By Jeannine anderson
BALTIMORE – David Jarinko’s friends like to tease him about his job. “What’d you do this week?” they ask him. “Who’d you bust?”
Jarinko, an inspector for the Department of the Environment, is Maryland’s noise cop. He’s a one-man department, on call 24 hours a day. He wears a black jacket with a badge. Instead of a gun, he carries a noise meter.
“The police handle 99.9 percent of noise complaints in the state,” Jarinko said from his office in south Baltimore. “We get the ones that fall between the cracks.”
That amounts to about 300 complaints a year from all over Maryland. In the last few months, Jarinko has settled problems involving dirt bikes in Davidsonville, a noisy landfill operation near Upper Marlboro, loud band music in Ocean City, and dozens of other such disputes.
Jarinko, 54, never pictured he’d end up a noise cop. He majored in psychology in college before working for 20 years as a sales representative for an industrial chemical company in Pennsylvania.
In 1994, he was working for the state’s clean air program when he heard about the noise inspection job. He landed it and found the work suited him.
“This is the most interesting job I have ever had,” he said. “The people you meet, the various and sundry types of complaints.”
He often has to grab his meter in the middle of the night to go take a measurement, since people get really mad about noise that keeps them from sleeping.
He’s busiest in the summer, when noise floats in easily through open windows.
State regulations set a limit of 65 decibels for sounds intruding on private property during the day. The nighttime limit is 55 decibels.
The state can issue a fine of as much as $10,000 a day for a continuing noise violation, though so far it never has had to.
Maryland’s noise control program “is not designed to be a first responder,” Jarinko stressed. Complaints should go first to local police, or town officials.
The noise must be recurring and fairly predictable. For example, a loud trash pickup in the middle of the night. Or dogs barking and howling at 6 a.m.
Or church bells.
For the last three years, people who live near St. John’s Episcopal Church in Baltimore’s Waverly neighborhood have protested that the church bells are too loud and ring too often. The bells at St. John’s ring on the hour, the half hour and the quarter hour, every day, from 6 a.m. until 6 p.m.
Late last year, Jarinko made several visits with his meter. He found that the bells were registering at up to 75 decibels – 10 above the limit.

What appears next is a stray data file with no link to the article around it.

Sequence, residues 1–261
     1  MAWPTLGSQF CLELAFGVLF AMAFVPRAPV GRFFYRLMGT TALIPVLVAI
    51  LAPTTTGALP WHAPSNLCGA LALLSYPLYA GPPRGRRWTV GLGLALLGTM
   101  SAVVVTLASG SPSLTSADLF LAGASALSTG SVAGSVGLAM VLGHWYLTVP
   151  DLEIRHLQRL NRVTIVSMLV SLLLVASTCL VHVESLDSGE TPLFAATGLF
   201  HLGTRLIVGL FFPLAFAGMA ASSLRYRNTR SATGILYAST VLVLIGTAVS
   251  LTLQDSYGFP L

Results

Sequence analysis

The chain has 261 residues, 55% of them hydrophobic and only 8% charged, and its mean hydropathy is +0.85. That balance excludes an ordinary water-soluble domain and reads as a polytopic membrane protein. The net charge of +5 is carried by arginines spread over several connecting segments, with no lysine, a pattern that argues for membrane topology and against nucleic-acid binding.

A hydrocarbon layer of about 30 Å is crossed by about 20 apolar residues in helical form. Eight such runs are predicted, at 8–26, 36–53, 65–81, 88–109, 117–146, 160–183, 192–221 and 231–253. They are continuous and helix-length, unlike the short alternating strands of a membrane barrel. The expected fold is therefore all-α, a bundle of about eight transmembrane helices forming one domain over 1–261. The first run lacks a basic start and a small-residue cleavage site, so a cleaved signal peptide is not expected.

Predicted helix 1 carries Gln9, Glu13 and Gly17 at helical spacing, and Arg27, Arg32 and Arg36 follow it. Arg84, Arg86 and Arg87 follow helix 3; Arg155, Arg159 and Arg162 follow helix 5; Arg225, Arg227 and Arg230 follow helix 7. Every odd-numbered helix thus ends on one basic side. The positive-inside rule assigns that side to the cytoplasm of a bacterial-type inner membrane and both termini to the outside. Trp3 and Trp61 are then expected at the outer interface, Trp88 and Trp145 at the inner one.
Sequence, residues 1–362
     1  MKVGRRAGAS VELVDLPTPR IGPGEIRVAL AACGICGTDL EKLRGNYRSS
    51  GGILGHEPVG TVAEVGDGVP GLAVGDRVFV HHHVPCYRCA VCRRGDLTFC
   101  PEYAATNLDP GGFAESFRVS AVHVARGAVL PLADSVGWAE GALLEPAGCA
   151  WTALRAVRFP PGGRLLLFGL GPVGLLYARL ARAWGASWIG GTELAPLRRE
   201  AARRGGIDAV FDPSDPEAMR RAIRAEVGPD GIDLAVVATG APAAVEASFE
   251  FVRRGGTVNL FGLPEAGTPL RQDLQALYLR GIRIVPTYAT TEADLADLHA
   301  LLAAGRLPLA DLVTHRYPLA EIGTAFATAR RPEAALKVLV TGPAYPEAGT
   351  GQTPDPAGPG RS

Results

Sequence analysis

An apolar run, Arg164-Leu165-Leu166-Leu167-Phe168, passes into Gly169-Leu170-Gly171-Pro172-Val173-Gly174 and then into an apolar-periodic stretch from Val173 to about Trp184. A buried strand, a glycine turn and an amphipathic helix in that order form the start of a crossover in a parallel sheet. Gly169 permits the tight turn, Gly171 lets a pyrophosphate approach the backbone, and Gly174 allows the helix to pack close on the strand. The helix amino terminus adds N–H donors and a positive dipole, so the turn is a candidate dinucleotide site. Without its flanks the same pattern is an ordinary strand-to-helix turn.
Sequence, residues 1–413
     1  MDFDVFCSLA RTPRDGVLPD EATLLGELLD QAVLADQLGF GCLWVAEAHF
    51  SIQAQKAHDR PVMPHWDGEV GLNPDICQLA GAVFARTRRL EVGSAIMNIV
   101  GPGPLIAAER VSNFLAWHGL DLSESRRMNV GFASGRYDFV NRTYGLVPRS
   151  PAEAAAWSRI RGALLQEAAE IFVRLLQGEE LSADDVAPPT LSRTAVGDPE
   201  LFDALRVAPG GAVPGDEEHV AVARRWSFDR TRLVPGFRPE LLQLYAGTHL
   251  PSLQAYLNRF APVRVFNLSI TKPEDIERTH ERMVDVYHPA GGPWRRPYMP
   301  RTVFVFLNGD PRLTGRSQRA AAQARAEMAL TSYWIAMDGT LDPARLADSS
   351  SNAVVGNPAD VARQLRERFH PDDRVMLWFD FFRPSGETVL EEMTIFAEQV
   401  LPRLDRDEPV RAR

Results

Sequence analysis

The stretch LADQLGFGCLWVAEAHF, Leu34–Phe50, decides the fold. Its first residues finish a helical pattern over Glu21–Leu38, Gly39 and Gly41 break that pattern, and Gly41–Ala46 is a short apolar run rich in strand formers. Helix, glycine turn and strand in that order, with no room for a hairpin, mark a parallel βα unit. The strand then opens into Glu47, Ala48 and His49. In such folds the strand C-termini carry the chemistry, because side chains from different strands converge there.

The church responded by installing plexiglass panels in three of the belfry’s four openings. New measurements that Jarinko took in February showed that this had dampened the sound to meet the noise limit.
The bells still disturb some people who live nearby, said Dolores Moran, president of the 600 East 31st Street Block Association. The sound “is actually quite punishing over time,” she said. “A wealthier neighborhood wouldn’t put up with this.”
Even though she remains unhappy about the bells, Moran has nothing but praise for Jarinko. “He’s wonderful,” she said. “I’m very impressed by his seriousness.”
The Department of the Environment has received quite a few complimentary letters about Jarinko. He “seems well versed in handling people who are not in the best emotional state,” wrote one lawyer.
Shawna Kane, a resident of Davidsonville, near Annapolis, wrote to say she and her neighbors were “tormented for three years” by teen-agers racing around on dirt bikes. If Jarinko had not brought them some relief, “we would have had to move,” she said.
The bikers “were riding legally in a semi-rural area,” Jarkinko said. “Their parents were saying, `Give us a break. The kids aren’t robbing the 7-11, they’re not on dope. They’re out riding around, having a good time.’ And that was true.”
The noise cop told the bike riders they needed to stay 300 feet from the yards of the people who were complaining. They’ve done that, for the most part, Kane said. “It’s been a big help.”
One of the more pleasant jobs Jarinko has had was to sit on Chesapeake Beach in Calvert County with his sound meter, listening to a band playing at a restaurant. The nighttime music was disturbing residents of the condominium next door.
Jarinko found that the music was too loud. The restaurant responded by buying a noise meter so the manager could monitor the volume level. The complaints stopped.
Listening to music on a beach is one thing. There are other times when the job isn’t so picturesque.
“I wouldn’t normally sit out listening to the sound of a dumpster dumping,” Jarinko said, laughing.
He likes it all, though.
“To me this isn’t work,” he said. “This is fun. I couldn’t imagine doing anything much more interesting than what I do now.”
And when he’s not at work? You can find him in a tiny town in Cecil County, on the Chesapeake Bay, about a block away from the water. “It’s very quiet on the banks of the Chesapeake,” he said. -30-